What are the eight 8 learning areas of the Australian Curriculum?

What are the eight 8 learning areas of the Australian Curriculum?

Disciplinary knowledge, skills and understanding are described in the eight learning areas of the Australian Curriculum: English, Mathematics, Science, Health and Physical Education, Humanities and Social Sciences, The Arts, Technologies and Languages.

What do year 8 learn in Australia?

Typically students will: In Years 7 and 8, students use inquiry skills to develop social, historical, geographical, environmental, civic, political, business and economic knowledge and understandings, and view issues from a local to a global scale.

What curriculum does Australia use?

The Australian Curriculum is a national curriculum for all primary and secondary schools in Australia under progressive development, review, and implementation. The curriculum is developed and reviewed by the Australian Curriculum, Assessment and Reporting Authority, an independent statutory body.

How is the Australian Curriculum used in Australian schools?

The Australian Curriculum can be used flexibly by schools, according to jurisdictional and system policies and schedules, to develop programs that meet the educational needs of their students and that extend and challenge students. existing curriculum development cycles and processes.

What are the 8 curriculum areas?

The eight curriculum areas are:

  • Expressive arts.
  • Health and wellbeing.
  • Languages.
  • Mathematics.
  • Religious and moral education.
  • Sciences.
  • Social studies.
  • Technologies.

What age is year 8 in Australia?


Year Ages School
Grade or Year 6 11–12 Primary
Grade or Year 7 12–13 Secondary
Grade or Year 8 13–14
Grade or Year 9 14–15

Do year 8 have exams?

What are the Year 8 Exams? The Year 8 Exams will be taking place in most subjects in the week beginning Monday 25th January. While these exams do not lead to any external qualifications, they are an important benchmark for both school and home to see how well your child is progressing.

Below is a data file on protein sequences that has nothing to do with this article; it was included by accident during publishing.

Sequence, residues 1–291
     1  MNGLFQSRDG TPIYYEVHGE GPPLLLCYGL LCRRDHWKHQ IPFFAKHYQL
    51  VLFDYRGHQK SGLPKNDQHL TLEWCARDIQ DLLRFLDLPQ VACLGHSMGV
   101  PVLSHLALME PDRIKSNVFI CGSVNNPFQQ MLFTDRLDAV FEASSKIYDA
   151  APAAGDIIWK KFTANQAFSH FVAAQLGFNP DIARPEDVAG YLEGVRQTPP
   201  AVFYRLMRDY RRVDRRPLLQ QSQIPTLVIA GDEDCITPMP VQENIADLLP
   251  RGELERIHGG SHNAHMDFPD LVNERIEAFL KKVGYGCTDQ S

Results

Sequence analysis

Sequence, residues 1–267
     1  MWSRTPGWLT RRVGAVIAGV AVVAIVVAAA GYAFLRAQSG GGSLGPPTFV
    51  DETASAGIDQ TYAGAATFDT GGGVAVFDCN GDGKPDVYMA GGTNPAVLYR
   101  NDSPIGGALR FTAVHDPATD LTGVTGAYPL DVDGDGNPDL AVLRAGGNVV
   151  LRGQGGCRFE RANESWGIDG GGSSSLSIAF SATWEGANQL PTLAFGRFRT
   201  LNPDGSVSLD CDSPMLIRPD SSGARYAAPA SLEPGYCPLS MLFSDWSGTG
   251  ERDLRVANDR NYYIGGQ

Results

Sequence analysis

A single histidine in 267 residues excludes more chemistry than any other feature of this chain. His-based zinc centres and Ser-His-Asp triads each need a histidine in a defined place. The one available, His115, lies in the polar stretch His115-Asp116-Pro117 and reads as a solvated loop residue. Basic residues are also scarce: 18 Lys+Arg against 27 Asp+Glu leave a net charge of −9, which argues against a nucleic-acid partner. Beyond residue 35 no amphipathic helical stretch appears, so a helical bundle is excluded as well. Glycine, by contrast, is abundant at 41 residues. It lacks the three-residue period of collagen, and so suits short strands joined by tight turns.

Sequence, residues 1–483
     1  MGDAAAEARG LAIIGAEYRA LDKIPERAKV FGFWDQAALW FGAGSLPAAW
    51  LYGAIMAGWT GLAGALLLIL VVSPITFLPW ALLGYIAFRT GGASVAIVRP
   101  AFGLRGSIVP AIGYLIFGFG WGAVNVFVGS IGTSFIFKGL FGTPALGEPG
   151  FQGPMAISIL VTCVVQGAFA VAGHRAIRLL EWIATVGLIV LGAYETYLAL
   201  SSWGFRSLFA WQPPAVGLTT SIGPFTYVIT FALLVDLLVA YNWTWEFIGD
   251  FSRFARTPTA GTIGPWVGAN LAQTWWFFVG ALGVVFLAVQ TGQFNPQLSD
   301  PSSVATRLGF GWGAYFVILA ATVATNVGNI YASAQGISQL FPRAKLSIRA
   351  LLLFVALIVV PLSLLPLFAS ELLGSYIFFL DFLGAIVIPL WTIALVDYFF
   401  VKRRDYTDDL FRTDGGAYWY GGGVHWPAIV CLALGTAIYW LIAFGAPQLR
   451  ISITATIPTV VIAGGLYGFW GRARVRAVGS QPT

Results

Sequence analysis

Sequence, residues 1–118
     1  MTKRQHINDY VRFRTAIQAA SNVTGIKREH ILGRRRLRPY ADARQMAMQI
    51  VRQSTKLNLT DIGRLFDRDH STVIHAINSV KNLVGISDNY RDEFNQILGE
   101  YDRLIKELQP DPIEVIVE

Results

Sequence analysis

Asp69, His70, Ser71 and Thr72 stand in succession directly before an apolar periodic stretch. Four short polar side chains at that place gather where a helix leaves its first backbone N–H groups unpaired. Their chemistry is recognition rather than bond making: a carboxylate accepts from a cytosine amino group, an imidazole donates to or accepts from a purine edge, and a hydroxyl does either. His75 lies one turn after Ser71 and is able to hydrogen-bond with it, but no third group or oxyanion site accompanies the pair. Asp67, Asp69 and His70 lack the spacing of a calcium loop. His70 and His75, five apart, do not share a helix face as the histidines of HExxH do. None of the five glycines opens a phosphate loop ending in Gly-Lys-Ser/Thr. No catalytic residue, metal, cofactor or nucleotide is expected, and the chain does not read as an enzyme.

Who is the Australian Curriculum designed for?

The Australian Curriculum is designed to develop successful learners, confident and creative individuals, and active and informed citizens.

What is the purpose of Australian Curriculum?

The Australian Curriculum sets consistent national standards to improve learning outcomes for all young Australians. It sets out, through content descriptions and achievement standards, what students should be taught and achieve, as they progress through school.

What are the 4 capacities of Curriculum for Excellence?

The purpose of the curriculum, planned on this basis, is to make sure that learners acquire the four capacities of Curriculum for Excellence to be: > successful learners > confident individuals > effective contributors > responsible citizens.

Is there a Year 13 in Australia?

Australia. In certain Australian states, some schools will offer a ‘Year 13’ programme to students who wish to complete the usual one-year Year 12 programme over two years, or who were not successful in a sufficient number of subjects to attain the relevant Year 12 qualification on their first attempt.

What do you learn in Year 8 geography?

Year 8 Australian Curriculum: Geography achievement standard By the end of Year 8, students explain geographical processes that influence the characteristics of places and explain how places are perceived and valued differently.

How is geography included in the Australian Curriculum?

The Australian Curriculum: Geography is organised in two related strands: geographical knowledge and understanding, and geographical inquiry and skills. Geographical knowledge and understanding strand.

How are standard elaborations developed in the Australian Curriculum?

•developing task-specific standards for individual assessment tasks. Structure The SEs are developed using the Australian Curriculum achievement standard. The Geography achievement standard describes the learning expected of students at each year level.

Why is geography so important to young Australians?

In a world of increasing global integration and international mobility, it is critical to the wellbeing and sustainability of the environment and society that young Australians develop a holistic understanding of the world.